Out of a small stack of essays, I gleaned the following interesting insight that I’d never thought of myself:
It’s possible to argue that the main difference in the conception of the uncontrollable in Greek Mythology and Bible stories is that, for the Greeks, human problems were often a result of the gods and their machinations, while for the ancient Hebrews, humans were just as often responsible for getting themselves into a heap of trouble, out of which God would sometimes bail them, if they were good.
That’s it. Hours of grading, and precisely one idea I’ve never seen before. Usually, student essays are a little more interesting than that… and there’s a good chance that this student found that idea in a book, rather than coming up with it himself. Ah well, still an interesting thought, even if, as I consider it, I wonder whether it’s really a valid observation. But hey, you take what you can get. Until reading that, I’d settled for Erich Auerbach’s contrasting the Bible and Greek mythology stylistically, and gone no further, so this has to count for something!
There was other stuff that was fun to read, like one essay by a student who is very clearly a budding atheist (she cites Richard Dawkins in her essay) on how religion is a tool often used in the service of centralization, and that any attempt to naturalize a dichotomy between religion on the one hand (presented as true stories about supernatural beings and events) and mythology on the other (presented as false stories about supernatural beings and events) is, in her opinion, often motivated by very base ulterior motives, specifically those that serve social and political ends externally, but also connect to psychological desires to dominate and punish human freedom and joy when it is not dependent on the cleric as arbiter of morality, truth, and human agency.
That was a pretty intelligent essay… none of it new to me, and though I never came out and said any of it, I did invite the students to think carefully of how Thomas Bulfinch hems and haws about the dichotomy between mythology and religious “truth”… anyway, it was interesting to see it argued so passionately by a young Korean person, since for the most part the atheism I’ve seen here as been of the, “Meh, whatever, I don’t have a religion” sort, rather than the confrontational, critical sort expressed in this essay.
Oh, also: the most amazing demonstration of how stupefying the dominant brand of Korean nationalism is. A student seriously argued that… well, here’s how I summed it up right after reading it:
Aaaaaaaand, the next essay explains that the reason Buddhist myths and folktales are less popular worldwide than Greco-Roman myths and legends is because Hangeul was invented so late, because Korea suffered a lot in history, and Europe apparently didn’t and everyone in Europe must always have been literate so they didn’t need King Sejong there. And also Korea had no literary people in history, or literature in the past, because everyone was poor and hungry and fighting for Korean independence from invaders and trying to find food and stuff, and also China and Japan were invading and the farmers worked so hard and stuff. And because there are no folktales in Buddhism, only stuff about monks, which is too bad because Buddhism is sensible and logical and Christianity should be on the shelf next to Harry Potter because of all its illogical fantasies and stuff. Also, Buddhism is Korean and Christianity is a “religion of the Caucasian.”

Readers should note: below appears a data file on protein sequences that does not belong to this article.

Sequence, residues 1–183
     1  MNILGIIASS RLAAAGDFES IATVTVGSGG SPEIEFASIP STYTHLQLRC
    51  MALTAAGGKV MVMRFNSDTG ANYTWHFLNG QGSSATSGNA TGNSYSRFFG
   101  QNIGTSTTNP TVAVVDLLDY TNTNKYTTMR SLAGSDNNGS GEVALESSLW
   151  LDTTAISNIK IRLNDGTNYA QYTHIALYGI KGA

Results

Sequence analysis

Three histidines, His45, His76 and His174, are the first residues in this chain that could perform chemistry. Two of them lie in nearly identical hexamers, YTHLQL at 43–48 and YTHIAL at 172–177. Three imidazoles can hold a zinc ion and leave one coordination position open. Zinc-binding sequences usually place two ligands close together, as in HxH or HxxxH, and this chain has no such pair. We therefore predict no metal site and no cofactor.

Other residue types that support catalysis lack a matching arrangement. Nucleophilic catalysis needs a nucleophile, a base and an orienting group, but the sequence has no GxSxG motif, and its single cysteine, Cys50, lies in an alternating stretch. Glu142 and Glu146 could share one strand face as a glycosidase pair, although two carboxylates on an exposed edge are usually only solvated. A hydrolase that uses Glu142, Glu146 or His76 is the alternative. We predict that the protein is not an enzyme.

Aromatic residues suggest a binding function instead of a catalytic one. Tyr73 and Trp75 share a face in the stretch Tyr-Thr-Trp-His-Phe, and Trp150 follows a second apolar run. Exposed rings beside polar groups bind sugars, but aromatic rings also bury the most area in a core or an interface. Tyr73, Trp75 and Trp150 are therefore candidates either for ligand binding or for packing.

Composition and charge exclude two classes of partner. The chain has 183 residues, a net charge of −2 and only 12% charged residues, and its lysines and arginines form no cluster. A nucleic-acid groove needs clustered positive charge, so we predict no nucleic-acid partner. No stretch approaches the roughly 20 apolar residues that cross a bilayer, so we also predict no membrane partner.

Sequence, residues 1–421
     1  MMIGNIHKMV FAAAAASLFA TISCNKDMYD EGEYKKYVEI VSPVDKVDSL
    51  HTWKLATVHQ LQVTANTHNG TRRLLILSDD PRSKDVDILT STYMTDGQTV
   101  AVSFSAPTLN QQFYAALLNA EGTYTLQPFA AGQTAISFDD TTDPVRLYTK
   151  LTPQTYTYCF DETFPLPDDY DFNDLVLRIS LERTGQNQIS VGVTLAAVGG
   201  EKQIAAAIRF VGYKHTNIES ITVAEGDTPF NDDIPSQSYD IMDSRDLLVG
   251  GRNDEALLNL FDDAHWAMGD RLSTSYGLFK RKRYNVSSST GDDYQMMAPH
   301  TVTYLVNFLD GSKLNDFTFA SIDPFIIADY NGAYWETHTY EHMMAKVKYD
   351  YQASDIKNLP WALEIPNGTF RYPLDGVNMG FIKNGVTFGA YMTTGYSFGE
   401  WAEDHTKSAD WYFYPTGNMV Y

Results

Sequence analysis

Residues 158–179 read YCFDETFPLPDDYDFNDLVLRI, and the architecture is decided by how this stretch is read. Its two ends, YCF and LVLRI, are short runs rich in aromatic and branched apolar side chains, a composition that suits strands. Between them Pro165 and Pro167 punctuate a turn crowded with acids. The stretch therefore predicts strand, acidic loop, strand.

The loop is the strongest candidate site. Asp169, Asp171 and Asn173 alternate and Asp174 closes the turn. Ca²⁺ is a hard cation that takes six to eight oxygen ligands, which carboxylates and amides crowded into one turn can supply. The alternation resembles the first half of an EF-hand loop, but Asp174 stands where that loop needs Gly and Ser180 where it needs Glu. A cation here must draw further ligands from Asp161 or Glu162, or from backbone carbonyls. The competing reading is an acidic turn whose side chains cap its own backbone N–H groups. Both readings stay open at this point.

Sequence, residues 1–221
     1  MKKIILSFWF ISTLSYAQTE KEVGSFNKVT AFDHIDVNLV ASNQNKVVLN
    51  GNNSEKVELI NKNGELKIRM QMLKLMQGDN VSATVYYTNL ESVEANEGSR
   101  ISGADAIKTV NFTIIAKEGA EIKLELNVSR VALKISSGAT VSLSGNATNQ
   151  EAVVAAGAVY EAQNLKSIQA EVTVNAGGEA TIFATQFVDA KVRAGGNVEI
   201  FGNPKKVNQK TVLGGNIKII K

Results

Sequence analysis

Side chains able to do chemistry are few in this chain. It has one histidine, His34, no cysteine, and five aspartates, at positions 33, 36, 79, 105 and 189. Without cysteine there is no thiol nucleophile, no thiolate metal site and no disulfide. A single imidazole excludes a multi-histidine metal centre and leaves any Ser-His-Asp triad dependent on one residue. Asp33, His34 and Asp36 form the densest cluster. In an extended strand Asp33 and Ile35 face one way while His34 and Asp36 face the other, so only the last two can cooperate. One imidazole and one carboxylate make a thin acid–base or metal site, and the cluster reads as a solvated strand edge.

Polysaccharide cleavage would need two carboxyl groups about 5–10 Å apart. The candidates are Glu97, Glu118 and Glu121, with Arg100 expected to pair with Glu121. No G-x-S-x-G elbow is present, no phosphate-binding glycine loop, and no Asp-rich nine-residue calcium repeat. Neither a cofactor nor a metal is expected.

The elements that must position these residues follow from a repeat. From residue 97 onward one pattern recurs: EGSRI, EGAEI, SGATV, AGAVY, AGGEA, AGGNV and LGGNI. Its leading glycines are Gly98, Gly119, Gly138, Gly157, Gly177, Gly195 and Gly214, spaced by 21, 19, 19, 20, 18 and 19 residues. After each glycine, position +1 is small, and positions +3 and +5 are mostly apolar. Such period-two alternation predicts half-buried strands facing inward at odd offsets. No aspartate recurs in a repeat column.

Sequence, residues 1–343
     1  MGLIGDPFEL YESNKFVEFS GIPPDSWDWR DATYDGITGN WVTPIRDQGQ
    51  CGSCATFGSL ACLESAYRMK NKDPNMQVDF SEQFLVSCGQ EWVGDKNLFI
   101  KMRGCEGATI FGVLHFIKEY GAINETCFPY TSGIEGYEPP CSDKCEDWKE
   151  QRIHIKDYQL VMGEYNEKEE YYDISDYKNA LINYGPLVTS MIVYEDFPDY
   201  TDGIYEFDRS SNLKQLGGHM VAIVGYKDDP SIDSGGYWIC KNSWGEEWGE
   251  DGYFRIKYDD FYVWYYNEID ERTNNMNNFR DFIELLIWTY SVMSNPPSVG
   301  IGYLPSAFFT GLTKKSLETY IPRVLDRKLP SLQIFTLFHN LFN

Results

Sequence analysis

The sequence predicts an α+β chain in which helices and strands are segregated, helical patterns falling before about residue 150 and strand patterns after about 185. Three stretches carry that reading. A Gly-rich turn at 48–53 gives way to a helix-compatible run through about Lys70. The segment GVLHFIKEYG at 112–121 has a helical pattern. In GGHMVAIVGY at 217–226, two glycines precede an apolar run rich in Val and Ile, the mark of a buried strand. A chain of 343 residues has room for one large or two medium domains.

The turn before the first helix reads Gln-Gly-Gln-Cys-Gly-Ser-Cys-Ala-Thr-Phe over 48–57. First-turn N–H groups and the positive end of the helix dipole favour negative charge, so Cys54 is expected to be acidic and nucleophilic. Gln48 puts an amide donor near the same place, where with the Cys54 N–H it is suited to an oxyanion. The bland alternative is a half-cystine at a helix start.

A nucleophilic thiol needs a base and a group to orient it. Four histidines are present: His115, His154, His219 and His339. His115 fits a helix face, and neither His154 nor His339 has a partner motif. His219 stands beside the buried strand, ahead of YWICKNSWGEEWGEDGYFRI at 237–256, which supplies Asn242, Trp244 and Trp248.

Seriously, if I never seen anyone ever mention King Sejong again it’ll be too soon! And man would I love to distribute a small pamphlet showing people what Jesus and Buddha would likely have looked like… neither blond and white in the first case, nor Korean in the second. I’m sure a few brains would explode.
It does leave me wondering what kind of education in Buddhism the practicing Korean Buddhist gets, though. Even I know of the Jataka tales, those stories of the past lives of the Buddha, and that there’s some mythology linked to Buddha and his followers… but I recall hearing a talk at a conference in 2008 where the presenter basically traced a widely-worshipped figure in Korean Buddhism–one who ofteen gets offerings around University Entrance Exam time–back to a disciple of the Buddha… the catch being that none of the Koreans making offerings to him knew who were asked seemed to know who he was in Buddhist mythology, nor did the monks asked; they had to trace the development of this figure back to its scriptural roots using Buddhist texts from outside Korea, and a little mytho-historical guesswork.
Which is pretty amazing: imagine making offerings to a supernatural being for help with something you want, without even knowing who he is or why he would help you, how or why he is supposed to have these powers, and what he or she might want.
Strange, but true.